Hyatt Regency Islandia on San Diego's Mission Bay
1441 Quivira RoadSan Diego, California 92109U.S.A.Tel 1 619 224 1234Fax 1 619 224 0348Web site: islandia.hyatt.com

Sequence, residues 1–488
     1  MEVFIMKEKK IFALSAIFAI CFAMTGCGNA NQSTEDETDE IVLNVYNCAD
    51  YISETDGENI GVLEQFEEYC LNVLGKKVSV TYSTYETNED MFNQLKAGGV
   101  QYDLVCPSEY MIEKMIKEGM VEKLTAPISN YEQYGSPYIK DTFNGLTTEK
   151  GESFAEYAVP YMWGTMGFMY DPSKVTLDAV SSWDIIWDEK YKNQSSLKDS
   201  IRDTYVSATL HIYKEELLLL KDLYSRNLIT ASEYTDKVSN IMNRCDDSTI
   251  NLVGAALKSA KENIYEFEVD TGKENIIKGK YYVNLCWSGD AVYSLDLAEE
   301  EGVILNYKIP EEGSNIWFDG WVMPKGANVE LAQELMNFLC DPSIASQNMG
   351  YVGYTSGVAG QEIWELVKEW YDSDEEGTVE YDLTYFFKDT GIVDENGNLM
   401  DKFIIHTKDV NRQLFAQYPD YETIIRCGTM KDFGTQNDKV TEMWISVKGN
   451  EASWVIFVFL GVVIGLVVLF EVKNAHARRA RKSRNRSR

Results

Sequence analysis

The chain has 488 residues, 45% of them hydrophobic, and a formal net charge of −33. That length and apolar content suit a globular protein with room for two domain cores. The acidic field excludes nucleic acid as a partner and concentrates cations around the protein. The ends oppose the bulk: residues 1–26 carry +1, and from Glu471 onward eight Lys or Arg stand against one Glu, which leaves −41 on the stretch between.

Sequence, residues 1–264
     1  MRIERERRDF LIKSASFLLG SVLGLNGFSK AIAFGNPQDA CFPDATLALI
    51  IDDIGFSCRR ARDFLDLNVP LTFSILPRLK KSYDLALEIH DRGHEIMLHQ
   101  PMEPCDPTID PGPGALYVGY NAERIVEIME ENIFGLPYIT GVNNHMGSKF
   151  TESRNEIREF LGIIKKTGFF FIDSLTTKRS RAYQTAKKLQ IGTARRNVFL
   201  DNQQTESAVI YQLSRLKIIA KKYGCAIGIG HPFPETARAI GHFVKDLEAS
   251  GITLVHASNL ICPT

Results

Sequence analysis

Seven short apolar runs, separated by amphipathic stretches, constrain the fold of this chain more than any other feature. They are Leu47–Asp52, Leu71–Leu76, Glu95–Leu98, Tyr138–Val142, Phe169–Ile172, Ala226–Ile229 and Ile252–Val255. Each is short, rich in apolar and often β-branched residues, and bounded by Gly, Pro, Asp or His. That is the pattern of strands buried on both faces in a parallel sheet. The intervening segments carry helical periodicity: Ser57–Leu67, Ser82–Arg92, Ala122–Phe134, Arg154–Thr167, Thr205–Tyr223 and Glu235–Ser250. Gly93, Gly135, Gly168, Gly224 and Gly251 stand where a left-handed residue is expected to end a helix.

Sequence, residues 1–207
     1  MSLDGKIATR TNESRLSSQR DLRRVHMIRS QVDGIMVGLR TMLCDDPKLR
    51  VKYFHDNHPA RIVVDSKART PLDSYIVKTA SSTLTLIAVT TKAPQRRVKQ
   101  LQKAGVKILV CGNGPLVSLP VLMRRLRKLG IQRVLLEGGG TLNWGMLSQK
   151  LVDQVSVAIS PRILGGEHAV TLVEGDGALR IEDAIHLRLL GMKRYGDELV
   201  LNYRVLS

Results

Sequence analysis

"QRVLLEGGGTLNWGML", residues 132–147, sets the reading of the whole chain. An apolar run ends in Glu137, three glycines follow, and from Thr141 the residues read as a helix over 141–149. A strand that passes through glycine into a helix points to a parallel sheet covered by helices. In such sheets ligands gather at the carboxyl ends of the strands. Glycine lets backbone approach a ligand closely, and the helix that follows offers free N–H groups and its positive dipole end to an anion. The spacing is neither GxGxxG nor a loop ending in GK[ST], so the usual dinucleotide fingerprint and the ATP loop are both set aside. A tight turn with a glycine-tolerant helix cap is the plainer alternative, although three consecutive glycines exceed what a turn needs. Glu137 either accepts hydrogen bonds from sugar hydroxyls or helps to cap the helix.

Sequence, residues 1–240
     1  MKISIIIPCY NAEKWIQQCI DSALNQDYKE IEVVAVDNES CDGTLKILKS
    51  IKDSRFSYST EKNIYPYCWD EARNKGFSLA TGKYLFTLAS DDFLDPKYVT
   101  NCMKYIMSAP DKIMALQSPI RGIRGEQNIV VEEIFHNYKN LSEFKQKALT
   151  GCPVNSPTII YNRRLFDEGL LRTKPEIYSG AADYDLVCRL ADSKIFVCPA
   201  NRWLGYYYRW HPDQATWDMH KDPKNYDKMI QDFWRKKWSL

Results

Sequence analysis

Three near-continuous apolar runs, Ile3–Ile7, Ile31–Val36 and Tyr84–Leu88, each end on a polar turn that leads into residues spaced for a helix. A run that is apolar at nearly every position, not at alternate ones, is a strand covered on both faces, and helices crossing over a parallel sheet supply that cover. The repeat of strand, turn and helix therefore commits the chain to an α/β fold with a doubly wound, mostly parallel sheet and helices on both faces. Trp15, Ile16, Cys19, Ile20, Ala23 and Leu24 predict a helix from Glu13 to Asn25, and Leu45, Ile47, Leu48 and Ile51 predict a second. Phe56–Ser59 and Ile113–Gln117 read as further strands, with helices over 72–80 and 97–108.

Taking Highway 5 north of downtown San Diego, and exiting about 6 miles up on 8 West I soon came across Mission Bay East and in the distance I could see this landmark hotel. Easily accessable from San Diego, the Hyatt Regency Islandia is impressive as you approach. On a virtual island the hotel stands watch over this magnificent marina, and adjoining is a national park. The hotel is also close to SeaWorld. I parked at the front and went inside to the reception area which was bright and breezy. There were no bell staff around. I went up to the registration desk and had a good chat with the attendant whilst I was checked in without any problems. I was then handed a key to Room 254 and given a map which showed the location of the room. Parking was to the right of the hotel in an open-air area. There was plenty of available parking. From the map I could see there were basically three accommodation sectors. What appeared to be some small, two level older buildings, a tower and a block of executive suites directly facing over the marina. My room was in the older sector which meant trudging up stairs and then a walk along a very wide open-air slatted roof corridor. The feel of being in a 4 star resort hotel had suddenly been reduced to being in a 2 to 3 star motel. Rather than a Hyatt I had the impression I was in an EconoLodge. Nonetheless I pressed on. The room was average size with two queen beds and opened on to a verandah, a wide sweeping hallway that swept past all the upper floor rooms. There were no windows, the upper half of the outer section was completely open. There were no divisions to provide separate balconies for each room. The verendah went unused during my stay. The wall facing the verandah was almost completely made of glass, but for timber frames. It looked out over a wall belonging to the tower with glimspes of greenery. The drapes were very impressive in a rich red, blue and gold pattern and were in dress style with a canopy at the top. The walls were nicely wallpapered with a beige pattern and a nice modern print of a marina adorned one of them. The closet had sufficient hanging space, an iron and ironing board and was enclosed by a white louvered door. There was a small dining table and two cane chairs , a lamp stand and a cabinet of four very large drawers with a TV on top, another lamp and a print at the back. There was only one bedside table in the middle of the two beds which comprised of a drawer and a shelf. There was one phone in the room on the bedside table, and only one line. If you were using the Internet you could not make or receive phone calls. There were two swivel lights fixed to the wall.The bathroom was an excellent size with two large basins and a bench that slid right along the length of the room. Ample bench space, a hair dryer, replica marbel finish on the bench, nicely done tan wallpapering, and three sets of lighting.The accommodation was comfortable and met all needs, other than perhaps an additional phone line. It perhaps needed tarting up a little, and the actual building structure needs addressing. I later discovered some prints outside one of the meeting rooms which indicated these buildings were the original hotel back around 1961,, and the tower and execeutive suites (and the Hyatt branding) came later. These original buildings are not exactly heritage however a feature could be made of them with some prints perhaps in the hallways indicating that they have some historicial signficance. My stay at the hotel was over two days and I looked through the Baja Cafe, which is an informal eatery in the tower building. The fare mainly consisted of a Southwestern flavor including fajitas and Baja salad wraps, and of course American favorities like burgers and so on. The cafe opens for breakfast, lunch and dinner each day. Adjoining the cafe, but separate, is the Baja Cantina, a relaxed open bar where you can also order food.The signature restaurant of the hotel however and lounge are located in a separate building directly overlooking the bay called the Islandier Restaurant and Challenger Club. The rooms have panoramic views and are really exceptional. I tried out the lounge section with a drink, and then enjoyed a meal at the restaurant which comprised a giant shrimp cocktail and a prime rib.Another time I bounded down to the Fitness Center. It's quite small but the view! It is absolute waterfront and the views you can enjoy whilst working out are magnificent. There is a Lifestep machine (stepping machine) two Lifecycles and two Lifestride machines (cycling and running). There is a lso a complete range of dumb bell weights and outside the room (which is accessed by your room key) is a rowing ergometer (machine). In the Fitness Center there are hand towels provided, a water dispenser and cups. There are mens and womens rooms each side of the center, however you required a combination to access them, which I didn't have.During the stay the local San Diego Union-Tribune newspaper was delivered to the room each morning. USA Today and Wall Street Journals were available on a complimentary basis from reception.